Long before The New York Times had its first woman Executive Editor, Ruth Holmberg was the Editor of The Chattanooga Times. Holmberg is a member of the family that founded both newspapers and she has shared her compelling life story as friends and admirers gathered to hear her speak. Holmberg is a former director of The Associated Press and of The New York Times Company, a former president of the Chattanooga Area Chamber of Commerce and of the Southern Newspaper Publisher Association and a member of the Board of Directors of the Public Education Network (PEN). The petite, soft-voiced woman is also a member of one of the nation’s most prominent publishing families.
Editor’s note: Publishing icon and Chattanooga civic leader Ruth Holmberg passed away at age 96. In her honor, here is the ADR interview with Ms. Holmberg several years ago.
Every spring, I write about terrorism in the U.S. My articles began with the domestic terrorism of the Oklahoma City bombing more than twenty years ago on April 19. I became the community/media liaison for Oklahoma’s Tulsa Jewish Federation shortly after the bombing destroyed the Murrah Building and so many lives. I felt compelled to investigate what led to the deadliest bombing, prior to 9/11, on our native soil. The violent hatred that I saw has not only continued, but has expanded globally, and in 2017, it encompasses the entire year.
A year ago, The Chattanooga Times Free Press reported on a survey commissioned by the Chattanooga Area Chamber of Commerce that focused on the job and industry growth in the Chattanooga area. “A new study suggests that job growth in Hamilton County — already the second highest among Tennessee’s counties in the past five years — will grow nearly four times faster in the next five years. The analysis of local job listings and business announcements estimates that Hamilton County will add 13,500 jobs from 2015 to 2020, up from the 3,573 jobs added in the county during the previous five years.” Continue reading 2017 Goals: Chattanooga – by Deborah Levine
Reflecting global trends, here are the visions and goals of three thought leaders from their national perspectives. From the Ukraine, the goals reflect a tumultuous political environment, highlighting an increasingly common trend. From Ghana, the goals reflect issues of economics and the environment. Again, these two issues go hand-in-hand in multiple national debates with the pros and cons underscored in third world countries. The third set of goals come from the United Kingdom and highlight efforts to bridge the growing diversity in British Society. The contributors capture the changing politics, society, and environment that confront people around the world. Together, they are emblematic of the path thought leaders are taking in 2017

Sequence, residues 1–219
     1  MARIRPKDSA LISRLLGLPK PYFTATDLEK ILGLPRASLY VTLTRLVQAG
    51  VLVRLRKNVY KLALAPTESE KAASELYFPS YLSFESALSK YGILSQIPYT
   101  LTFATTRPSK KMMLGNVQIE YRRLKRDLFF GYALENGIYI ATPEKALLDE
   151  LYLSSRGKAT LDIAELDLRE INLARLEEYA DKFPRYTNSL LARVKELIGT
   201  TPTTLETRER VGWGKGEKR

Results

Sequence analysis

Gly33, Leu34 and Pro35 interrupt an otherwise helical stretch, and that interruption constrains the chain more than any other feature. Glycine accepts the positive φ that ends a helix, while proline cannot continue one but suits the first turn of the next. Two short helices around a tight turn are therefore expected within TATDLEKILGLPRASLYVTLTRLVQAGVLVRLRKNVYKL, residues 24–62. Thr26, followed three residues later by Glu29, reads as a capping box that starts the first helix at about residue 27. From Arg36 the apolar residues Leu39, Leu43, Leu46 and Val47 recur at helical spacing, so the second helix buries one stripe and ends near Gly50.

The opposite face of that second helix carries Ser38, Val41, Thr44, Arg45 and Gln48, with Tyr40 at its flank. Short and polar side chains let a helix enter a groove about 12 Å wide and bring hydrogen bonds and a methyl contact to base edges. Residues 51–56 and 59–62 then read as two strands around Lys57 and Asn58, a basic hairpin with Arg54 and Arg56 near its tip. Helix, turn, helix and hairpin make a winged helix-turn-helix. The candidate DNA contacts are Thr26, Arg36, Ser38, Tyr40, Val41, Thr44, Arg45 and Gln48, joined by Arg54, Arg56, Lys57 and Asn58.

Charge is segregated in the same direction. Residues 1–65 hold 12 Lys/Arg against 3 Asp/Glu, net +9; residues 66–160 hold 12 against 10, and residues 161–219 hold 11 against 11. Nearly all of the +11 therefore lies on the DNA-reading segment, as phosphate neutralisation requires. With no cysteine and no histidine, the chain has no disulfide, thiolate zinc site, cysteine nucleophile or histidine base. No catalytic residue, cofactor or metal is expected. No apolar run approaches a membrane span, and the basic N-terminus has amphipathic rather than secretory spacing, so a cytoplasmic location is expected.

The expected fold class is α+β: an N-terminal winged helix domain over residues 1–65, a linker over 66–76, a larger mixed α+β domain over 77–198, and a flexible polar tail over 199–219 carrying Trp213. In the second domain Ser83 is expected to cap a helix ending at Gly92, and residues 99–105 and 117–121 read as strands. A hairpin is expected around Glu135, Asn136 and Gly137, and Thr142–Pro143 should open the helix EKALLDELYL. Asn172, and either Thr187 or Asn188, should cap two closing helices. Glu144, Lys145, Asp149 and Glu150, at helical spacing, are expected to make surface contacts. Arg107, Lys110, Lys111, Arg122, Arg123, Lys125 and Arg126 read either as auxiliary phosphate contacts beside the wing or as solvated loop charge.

Editor’s Note: Among my father’s papers was the full 1940 commencement address at Harvard University by then Secretary of State, Tennessean Cordell Hull. His words and passion for the American heart and soul on the brink of war still resonate today. (Excerpts)
There are at work in the world today powerful forces the significance of which no individual an don nation can ignore without jeopardy. They rose on many occasions in the past and, for varying periods and with varying intensity, held sway over human affairs. They spring today from the source from which they have always sprung in the past – from godless and souls lust for power which seeks to hold men in physical slavery and spirit degradation and to display a system of peaceful and orderly relations among nations by the anarchy of wanton violence and brute force.
It’s 1959. I’m a Southern religious teenage girl raised on the fire and brimstone of the Baptist Church. My boyfriend is a second generation Italian Catholic. My mother, recently divorced from my step-father, transforms from a “Betty Crocker’ housewife into a bird set free from a gilded cage. This turn of events leads to her elopement with one of her many men friends to Elkton, Maryland. Butch and I go along as witnesses. After spending the night in her Buick at the A&P parking lot, waiting for the courthouse to open, we finally walk out of the wide court doors—married—all four of us. Mom and Sal drive off to Florida, I move in with a girlfriend and Butch goes back to his home, as if nothing stupendous happened.
We came to America without a clue
When November rolled around and Thanksgiving, too
Stories of pilgrims with funny black hats
And Native Americans with feathers – Who knew!
The holiday season for the Hindu Community all over the world is marked by the ‘The Fesitival of Lights’- Devali. The myth and story of Devali lies the significance of the victory of good over evil; and it is with each Devali and the lights that illuminate our homes and hearts, that this simple truth finds new reason and hope. From darkness unto light — the light that empowers us to commit ourselves to good deeds, that which brings us closer to divinity. During Devali, lights illuminate every corner of India and the scent of incense sticks hangs in the air, mingled with the sounds of fire-crackers, joy, togetherness and hope.
To celebrate my birthday, I addressed a group of Global Scholars at Chattanooga State Community College on the societal trends in this 2016 politics through the lens of cultural anthropology. Chattanooga is experiencing major cultural shifts as globalization transforms the South’s demographics. We are very much in need of a new generation with global leadership skills, multicultural expertise, and political involvement.